Monthly Archives: December 2012

great minds on music : an interview with sudeep gohil

“Great Minds on Music” is a series of conversations between some of the top names in the business of advertising and Uli Reese, President of iV2. We’ve edited and compiled these interviews into a series we’ve dubbed “Great Minds on Music.” If you’d like to read more from these innovative thinkers, selecting this link will aggregate all the interviews for easy viewing.

GREAT MINDS ON MUSIC: AN INTERVIEW WITH SUDEEP GOHIL

Reese: Let’s start by considering how important music is to your work. I know you have a strong musical background: you DJ and you have a SoundCloud channel called, “Deep Mix”. You also have a strategic planning history. How does all that work together?

“We’re getting to the point [in advertising] where there is so much clutter that a sting becomes even more important. People are beginning to think, ‘Actually…I could do something more interesting with the one and a half seconds at the end of every commercial…’” – Sudeep Gohil

Gohil: I’ve always been really interested in music. When I was a kid I used to play in bands. I learned to play bass guitar. I was in a band when I was in Australia, but because I was the bass player I was always at the back. We were playing Hendrix and Led Zeppelin… but I wanted to do something more complicated, like Living Colour….I thought Vernon Reid was the most awesome bass player I’d ever heard. But the band didn’t want to do that kind of stuff. And then I went back to London to visit my cousins, and they gave me  — a tape, I suppose — of Technotronic.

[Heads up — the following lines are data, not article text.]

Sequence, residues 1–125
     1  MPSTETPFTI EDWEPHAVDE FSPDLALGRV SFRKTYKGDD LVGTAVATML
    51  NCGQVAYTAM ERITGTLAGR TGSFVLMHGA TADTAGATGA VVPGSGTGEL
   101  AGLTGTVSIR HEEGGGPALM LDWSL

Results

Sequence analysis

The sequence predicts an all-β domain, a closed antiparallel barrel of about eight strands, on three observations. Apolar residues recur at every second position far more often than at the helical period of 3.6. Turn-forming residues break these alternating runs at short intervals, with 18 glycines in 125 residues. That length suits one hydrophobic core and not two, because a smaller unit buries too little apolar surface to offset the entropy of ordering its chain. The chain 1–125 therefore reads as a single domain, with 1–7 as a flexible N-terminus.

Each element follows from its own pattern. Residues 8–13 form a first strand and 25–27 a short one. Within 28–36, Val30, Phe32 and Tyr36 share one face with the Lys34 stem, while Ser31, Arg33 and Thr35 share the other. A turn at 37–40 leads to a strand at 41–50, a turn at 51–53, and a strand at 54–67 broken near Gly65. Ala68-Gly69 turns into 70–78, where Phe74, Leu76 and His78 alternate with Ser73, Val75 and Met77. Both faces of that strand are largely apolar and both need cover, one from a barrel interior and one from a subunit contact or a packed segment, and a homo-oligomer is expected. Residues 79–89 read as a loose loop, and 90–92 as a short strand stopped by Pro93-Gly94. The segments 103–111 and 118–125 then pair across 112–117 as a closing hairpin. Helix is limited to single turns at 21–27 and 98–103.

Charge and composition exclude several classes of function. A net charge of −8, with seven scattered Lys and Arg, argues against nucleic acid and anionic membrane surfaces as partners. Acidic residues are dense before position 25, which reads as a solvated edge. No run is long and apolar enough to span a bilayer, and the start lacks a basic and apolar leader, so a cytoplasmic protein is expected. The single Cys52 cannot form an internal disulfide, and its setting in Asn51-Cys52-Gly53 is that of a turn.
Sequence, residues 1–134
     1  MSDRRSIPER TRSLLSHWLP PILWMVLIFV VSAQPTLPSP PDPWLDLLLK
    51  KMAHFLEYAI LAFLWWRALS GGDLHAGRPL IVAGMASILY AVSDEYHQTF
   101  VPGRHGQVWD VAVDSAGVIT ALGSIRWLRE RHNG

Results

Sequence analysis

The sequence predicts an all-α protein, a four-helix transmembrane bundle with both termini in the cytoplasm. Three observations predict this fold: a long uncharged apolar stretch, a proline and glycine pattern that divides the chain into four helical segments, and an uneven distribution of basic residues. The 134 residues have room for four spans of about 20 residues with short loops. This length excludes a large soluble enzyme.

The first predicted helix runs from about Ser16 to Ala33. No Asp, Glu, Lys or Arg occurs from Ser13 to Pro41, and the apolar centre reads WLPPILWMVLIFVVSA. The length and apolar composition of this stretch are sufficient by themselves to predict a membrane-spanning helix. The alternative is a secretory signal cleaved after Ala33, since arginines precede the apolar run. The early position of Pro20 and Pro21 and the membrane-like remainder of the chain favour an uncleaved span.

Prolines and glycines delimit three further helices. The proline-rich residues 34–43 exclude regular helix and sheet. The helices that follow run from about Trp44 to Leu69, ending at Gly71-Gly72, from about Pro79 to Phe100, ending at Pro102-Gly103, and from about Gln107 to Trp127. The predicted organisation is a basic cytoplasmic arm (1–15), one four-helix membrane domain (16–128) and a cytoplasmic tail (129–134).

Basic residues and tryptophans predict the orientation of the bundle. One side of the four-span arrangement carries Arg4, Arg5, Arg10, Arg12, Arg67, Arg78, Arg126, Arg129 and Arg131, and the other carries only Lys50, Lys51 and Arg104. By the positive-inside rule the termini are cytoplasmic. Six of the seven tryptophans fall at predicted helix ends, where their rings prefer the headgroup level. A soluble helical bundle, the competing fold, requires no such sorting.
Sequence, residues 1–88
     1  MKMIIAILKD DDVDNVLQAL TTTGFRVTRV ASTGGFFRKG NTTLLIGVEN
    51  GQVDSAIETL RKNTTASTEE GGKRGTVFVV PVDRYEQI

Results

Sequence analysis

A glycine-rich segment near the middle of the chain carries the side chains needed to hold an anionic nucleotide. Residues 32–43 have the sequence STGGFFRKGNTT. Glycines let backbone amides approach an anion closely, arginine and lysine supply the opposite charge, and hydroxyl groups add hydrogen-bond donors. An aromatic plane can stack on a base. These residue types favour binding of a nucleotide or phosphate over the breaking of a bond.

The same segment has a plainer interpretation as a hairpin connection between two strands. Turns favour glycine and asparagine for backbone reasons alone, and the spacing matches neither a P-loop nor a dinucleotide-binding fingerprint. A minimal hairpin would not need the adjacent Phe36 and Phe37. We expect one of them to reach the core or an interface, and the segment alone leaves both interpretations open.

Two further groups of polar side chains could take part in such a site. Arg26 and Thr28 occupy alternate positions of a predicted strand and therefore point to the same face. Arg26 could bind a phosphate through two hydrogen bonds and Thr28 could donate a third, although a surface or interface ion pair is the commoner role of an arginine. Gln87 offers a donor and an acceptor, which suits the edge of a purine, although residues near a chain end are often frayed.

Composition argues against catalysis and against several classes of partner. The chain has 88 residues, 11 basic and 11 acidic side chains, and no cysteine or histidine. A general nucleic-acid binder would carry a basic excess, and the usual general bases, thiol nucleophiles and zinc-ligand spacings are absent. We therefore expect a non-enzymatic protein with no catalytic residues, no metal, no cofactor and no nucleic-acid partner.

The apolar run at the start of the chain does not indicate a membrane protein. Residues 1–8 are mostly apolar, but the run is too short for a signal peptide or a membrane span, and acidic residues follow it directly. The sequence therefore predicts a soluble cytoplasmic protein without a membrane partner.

Reese: Technotronic?

Gohil:  You know: “Pump Up the Jam”? And I realized that while electronic music was a kind of niche in Australia, it was massive in the UK. So suddenly I wanted to DJ too. For my 14th or 15th birthday, my parents flew over a set of turntables and a mixer from London as a gift.  Everything changed, because I was in control. I was at the front instead of the back! We’d put on a party in a social club or a town hall and it was just insane: hundreds and hundreds of people. When I finished high school, I realized I could do the same thing on an even bigger scale. We started doing warehouse parties and so on. We were making more money than we knew what to do with! Continue reading